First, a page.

When it comes to business computer systems, nothing is more mission-critical than the massive trading software systems that underlie stock markets. A failure of an hour here can mean billions of dollars of lost trades. The LSE (London Stock Exchange) learned that the hard way when their .NET/Windows Server 2003 trading platform died like a dog early last September. The new LSE management is not going make that mistake again. This October, the LSE purchased MillenniumIT and will be switching its stock exchange programs to the company’s Linux-based Millennium Exchange software.
Today Microsoft released some GPL driver code for Linux for some hardware. Why? Well, so that the hardware could be better virtualized in a VM running Linux on a Windows host. Yippee. Well I’m sure this will help some people. It does mean that FLOSS is influencing them, and that is a good thing.
In contrast, the FSF made a press release last Thursday, quoted below in its entirety. So Microsoft is trying to win people over, whether it’s with really useful stuff or not, it is Free this time… and the FSF is just yelling at people. Who’s going to make more friends here?
Last week, Microsoft extended the terms of their Community Promise to implementations of the ECMA 334 and 335 standards. You might think this means it’s safe to write your software in C#. However, this promise is full of loopholes, and it’s nowhere near enough to make C# safe.
### Why Worry About C#? ###
Since we published Richard’s article about Mono last week, some people have been asking us why we’re expressing special concern about free software developers relying on C# and Mono, instead of other languages. Sun probably has patents that cover Java. Maybe IBM has patents that cover C compilers. “Shouldn’t we discourage the use of these too?” they ask.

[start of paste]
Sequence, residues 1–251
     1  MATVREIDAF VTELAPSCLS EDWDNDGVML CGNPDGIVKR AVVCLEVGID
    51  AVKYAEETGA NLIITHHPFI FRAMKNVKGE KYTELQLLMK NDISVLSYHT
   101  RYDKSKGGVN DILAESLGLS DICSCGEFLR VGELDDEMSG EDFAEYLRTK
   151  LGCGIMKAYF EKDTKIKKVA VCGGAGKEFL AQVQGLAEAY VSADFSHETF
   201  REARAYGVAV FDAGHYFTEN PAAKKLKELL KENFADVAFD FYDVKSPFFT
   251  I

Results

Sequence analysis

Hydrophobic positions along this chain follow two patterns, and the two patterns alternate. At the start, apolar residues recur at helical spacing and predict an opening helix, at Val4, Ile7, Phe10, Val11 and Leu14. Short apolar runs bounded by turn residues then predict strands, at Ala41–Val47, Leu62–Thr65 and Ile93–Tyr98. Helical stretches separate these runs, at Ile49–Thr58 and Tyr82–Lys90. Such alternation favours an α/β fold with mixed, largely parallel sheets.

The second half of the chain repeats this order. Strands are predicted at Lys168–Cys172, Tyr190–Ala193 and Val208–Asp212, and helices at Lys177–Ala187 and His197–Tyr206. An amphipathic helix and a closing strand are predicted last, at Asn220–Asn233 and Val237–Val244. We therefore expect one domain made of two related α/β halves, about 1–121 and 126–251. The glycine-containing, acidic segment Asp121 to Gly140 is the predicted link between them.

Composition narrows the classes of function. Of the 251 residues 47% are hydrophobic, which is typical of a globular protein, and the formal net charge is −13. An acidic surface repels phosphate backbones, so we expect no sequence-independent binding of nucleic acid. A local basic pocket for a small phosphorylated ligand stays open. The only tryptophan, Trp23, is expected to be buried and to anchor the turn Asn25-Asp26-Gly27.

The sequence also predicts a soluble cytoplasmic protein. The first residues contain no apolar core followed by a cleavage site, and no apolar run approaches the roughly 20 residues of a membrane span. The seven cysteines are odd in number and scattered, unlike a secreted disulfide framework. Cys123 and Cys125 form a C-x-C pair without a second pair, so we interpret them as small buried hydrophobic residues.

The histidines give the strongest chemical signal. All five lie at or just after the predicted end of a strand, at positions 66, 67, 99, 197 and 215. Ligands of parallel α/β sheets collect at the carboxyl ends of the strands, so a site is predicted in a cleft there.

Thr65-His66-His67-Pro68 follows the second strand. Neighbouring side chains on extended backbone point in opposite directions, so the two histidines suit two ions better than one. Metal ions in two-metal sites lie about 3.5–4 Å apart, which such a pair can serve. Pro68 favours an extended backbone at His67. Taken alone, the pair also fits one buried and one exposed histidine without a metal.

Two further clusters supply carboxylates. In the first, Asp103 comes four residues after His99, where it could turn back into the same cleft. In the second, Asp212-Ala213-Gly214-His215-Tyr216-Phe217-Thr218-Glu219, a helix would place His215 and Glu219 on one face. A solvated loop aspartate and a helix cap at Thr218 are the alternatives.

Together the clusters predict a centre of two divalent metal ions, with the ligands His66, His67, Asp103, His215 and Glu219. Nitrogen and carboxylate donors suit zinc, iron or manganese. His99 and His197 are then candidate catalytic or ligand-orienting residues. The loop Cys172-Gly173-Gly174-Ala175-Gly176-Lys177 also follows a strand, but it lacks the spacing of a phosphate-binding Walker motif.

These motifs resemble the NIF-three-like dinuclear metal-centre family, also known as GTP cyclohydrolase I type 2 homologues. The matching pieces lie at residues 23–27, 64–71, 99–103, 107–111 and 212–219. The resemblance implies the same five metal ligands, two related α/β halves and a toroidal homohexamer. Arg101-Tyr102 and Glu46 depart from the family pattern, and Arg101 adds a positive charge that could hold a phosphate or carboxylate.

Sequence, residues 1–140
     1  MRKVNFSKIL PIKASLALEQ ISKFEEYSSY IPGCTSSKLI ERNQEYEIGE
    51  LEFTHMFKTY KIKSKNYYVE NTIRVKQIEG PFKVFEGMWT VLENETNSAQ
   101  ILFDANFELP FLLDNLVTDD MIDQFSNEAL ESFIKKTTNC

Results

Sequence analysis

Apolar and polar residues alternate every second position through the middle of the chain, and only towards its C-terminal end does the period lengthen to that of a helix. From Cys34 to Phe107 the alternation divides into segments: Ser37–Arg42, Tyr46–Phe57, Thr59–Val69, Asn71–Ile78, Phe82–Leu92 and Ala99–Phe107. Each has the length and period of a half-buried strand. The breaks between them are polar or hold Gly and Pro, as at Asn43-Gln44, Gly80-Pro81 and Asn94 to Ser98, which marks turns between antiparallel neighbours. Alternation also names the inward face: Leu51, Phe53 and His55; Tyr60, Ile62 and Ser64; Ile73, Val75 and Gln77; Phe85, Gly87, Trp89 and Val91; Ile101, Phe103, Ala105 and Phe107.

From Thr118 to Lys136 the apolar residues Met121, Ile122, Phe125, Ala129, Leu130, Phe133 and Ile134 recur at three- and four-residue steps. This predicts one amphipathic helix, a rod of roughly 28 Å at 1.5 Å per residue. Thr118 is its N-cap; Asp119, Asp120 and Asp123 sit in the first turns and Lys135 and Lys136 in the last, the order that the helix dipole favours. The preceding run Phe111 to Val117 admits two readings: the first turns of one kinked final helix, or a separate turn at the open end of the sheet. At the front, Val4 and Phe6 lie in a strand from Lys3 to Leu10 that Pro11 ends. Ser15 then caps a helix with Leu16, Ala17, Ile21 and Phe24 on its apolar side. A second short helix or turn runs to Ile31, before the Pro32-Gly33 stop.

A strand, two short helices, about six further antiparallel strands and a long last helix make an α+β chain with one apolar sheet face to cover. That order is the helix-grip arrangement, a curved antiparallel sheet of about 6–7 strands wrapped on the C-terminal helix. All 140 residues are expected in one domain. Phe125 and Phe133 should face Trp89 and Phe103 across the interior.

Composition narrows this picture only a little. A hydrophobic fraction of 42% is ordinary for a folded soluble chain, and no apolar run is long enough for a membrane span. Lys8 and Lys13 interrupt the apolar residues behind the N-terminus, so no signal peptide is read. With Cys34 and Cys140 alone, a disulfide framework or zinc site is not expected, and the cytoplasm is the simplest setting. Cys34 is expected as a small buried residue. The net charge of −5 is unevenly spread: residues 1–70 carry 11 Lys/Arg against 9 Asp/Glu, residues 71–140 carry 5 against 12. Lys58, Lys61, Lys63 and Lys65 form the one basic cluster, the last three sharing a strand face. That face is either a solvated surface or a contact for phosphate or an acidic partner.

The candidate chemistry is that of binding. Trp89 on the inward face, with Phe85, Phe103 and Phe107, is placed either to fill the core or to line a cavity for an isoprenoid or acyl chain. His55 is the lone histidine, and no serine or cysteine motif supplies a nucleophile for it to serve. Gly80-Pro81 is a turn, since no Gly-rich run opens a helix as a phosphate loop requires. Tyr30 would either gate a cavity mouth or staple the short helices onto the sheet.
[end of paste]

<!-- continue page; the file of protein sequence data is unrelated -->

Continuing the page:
Esther Schindler sifts through 25 highly anticipated open-source releases coming this year which will be of interest to people in various categories from IT Admins to programmers to mobile users: “These open-source browsers, dev tools, mobile apps and more promise that ‘Oooh, cool!’ sense of discovery.”
Royal Pingdom serves up 10 interesting open source software forks and why they happened. Some reasons better than others, of course. Interesting to note where the fork surpasses the original project in popularity, and where it doesn’t. Two of the listed forks were in pursuit of Mac support.
Steve Wozniak speaks out, predicting the death of the iPod and suggesting things he doesn’t like about the iPhone, comparing it with Google’s Android platform. Woz is quoted as saying that “the iPod has had a long time as the world’s most popular media player, and that it will fall from grace due to oversupply.” Hmmm. Is it a victim of its own success, then?
Mandriva’s latest release: Mandriva Linux 2009. Get it while it’s hot! Mandriva’s always been a bit of an overlooked distro, imo… but it continues to install easily and work very well. Reviews are appearing now for those who like to read before they download. Time to update my Mandriva systems…
This is amusing: apparently the roots of the iPod’s development are traced back to 1979, when “Kane Kramer from Hertfordshire filed a patent for a digital music player that stored just three and a half minutes of music to a solid state chip.” He didn’t renew the patent in 1988, so he hasn’t seen a dime from it. “To be honest,” he said, “I was just so pleased that finally something that I had done which has been a huge success and changed the music industry was being acknowledged.”